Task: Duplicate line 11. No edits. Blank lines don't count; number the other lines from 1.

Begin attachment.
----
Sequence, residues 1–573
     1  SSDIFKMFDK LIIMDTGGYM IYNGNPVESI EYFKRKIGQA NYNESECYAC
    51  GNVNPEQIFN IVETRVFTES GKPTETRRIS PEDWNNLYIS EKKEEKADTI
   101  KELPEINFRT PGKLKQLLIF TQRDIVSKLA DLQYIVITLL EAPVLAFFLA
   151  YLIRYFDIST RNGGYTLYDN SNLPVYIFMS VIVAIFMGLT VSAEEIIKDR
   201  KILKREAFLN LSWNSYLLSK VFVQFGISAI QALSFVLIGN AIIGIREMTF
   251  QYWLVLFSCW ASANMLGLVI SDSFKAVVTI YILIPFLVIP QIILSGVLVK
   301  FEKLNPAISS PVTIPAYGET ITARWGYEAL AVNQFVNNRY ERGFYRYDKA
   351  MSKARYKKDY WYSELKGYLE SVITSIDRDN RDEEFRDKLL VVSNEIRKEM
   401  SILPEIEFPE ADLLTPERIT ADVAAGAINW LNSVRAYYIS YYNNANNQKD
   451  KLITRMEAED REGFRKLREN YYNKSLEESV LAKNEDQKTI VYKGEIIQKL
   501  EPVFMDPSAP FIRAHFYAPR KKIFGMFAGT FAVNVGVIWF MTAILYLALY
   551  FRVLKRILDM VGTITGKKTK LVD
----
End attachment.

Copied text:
   451  KLITRMEAED REGFRKLREN YYNKSLEESV LAKNEDQKTI VYKGEIIQKL